The aim of this experiment is to model directional selection through predators differing attraction to certain colours of ‘worm’, as those ‘worms’ unattractive in colour will survive and grow in population size.
The experiment conducted models directional selection through the impact of different coloured worms in the predation of chickens. The interest of chickens in the worms was recorded after each two minute interval to determine what colour was most attractive for consumption. The experiment also illustrated the changing population sizes of each colour after each repetition, representing natural selection. There were four colours selected to be tested: yellow, red, green and blue along with a control with no dye as an additional ‘colour’. The experiment was repeated twice (on two separate days) having similar trends:
Red was the most attractive colour, always eaten and having a tendency to be eaten in the shortest time. Blue was the least attractive colour, not touched in either trial. This was closely followed by green, which was rarely eaten. Therefore there was a clear trend of an increase in the population of blue and green worms and a decrease in the population of red, yellow and non-dyed worms. Due to this, the divide in population between colours grew to a point where the blue and green worms far outweighed the worms of a red, yellow or no dye.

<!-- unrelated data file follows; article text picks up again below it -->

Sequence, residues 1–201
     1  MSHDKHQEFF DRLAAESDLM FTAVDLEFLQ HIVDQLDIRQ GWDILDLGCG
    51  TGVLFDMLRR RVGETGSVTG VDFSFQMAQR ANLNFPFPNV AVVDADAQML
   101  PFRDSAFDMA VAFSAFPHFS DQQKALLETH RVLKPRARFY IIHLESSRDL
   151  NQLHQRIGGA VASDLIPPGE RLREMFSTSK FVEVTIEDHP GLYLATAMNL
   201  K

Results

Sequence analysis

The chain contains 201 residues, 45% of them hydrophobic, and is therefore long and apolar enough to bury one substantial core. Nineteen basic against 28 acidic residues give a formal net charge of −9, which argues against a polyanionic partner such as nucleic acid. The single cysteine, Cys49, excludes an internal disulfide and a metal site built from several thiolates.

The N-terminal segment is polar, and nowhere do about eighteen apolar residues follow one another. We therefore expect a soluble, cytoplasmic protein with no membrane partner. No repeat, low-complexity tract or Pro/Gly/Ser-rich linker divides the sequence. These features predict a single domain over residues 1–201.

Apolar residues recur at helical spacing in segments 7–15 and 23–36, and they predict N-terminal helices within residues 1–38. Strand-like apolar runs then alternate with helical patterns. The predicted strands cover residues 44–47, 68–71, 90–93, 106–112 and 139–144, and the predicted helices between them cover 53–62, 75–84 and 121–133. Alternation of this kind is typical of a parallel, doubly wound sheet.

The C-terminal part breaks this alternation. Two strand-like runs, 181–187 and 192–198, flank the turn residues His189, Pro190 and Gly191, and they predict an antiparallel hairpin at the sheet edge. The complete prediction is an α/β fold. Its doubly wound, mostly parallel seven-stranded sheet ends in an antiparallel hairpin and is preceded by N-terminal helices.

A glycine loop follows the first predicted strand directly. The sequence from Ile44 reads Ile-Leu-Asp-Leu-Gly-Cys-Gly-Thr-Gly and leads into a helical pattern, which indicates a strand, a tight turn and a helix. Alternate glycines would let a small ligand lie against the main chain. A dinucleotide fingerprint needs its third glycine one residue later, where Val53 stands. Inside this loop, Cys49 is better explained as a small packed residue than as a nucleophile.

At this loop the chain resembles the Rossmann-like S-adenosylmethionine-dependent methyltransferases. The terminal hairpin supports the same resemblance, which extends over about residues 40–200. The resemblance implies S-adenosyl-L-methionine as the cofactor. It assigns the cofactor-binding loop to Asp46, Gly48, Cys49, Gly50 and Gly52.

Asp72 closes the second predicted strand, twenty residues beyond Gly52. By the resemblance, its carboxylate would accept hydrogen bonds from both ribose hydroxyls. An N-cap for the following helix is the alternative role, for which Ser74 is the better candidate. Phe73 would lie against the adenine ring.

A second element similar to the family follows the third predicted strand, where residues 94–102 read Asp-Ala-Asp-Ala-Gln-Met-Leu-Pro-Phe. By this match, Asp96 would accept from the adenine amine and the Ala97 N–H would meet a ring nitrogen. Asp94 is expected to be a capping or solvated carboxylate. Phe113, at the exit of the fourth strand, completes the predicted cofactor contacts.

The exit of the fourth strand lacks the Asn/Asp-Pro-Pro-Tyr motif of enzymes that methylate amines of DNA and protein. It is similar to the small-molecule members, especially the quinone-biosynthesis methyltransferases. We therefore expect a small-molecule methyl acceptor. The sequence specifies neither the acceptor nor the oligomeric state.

It was observed as a pattern that in each repetition (replenishment of worms) the same colours were taken (red, no dye and yellow) with green and blue remaining untouched. This pattern of data showing the impact of phenotype on determining predation was supported by secondary evidence, making results in future trials predictable.
The worms colour had a direct relationship with the predation from the chickens, as the interest on one colour (eg. red) , prevented interest in other colours (eg. Blue). This relationship between worms colour and chance of being taken was clear due to the consistent data, demonstrating the correlation between the fall of one phenotype’s population and rise of another.
Supporting and modelling the theory of natural selection, the experiment is accurate, due to the repetition which achieved very similar results. The experiment is accurate as these results are supported by secondary research, which consistently suggests that phenotype is influential on the ability to survive throughout time. In this experiment, it was noted that the blue and green ‘worms’ and their population were exceedingly benefited by their phenotype, which deterred predators, in all tests.